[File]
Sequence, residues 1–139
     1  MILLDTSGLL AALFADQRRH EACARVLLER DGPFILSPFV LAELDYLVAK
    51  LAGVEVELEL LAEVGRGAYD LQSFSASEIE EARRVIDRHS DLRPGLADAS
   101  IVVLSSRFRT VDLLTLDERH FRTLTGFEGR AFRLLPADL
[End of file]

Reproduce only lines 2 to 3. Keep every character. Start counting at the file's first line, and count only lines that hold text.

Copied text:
     1  MILLDTSGLL AALFADQRRH EACARVLLER DGPFILSPFV LAELDYLVAK
    51  LAGVEVELEL LAEVGRGAYD LQSFSASEIE EARRVIDRHS DLRPGLADAS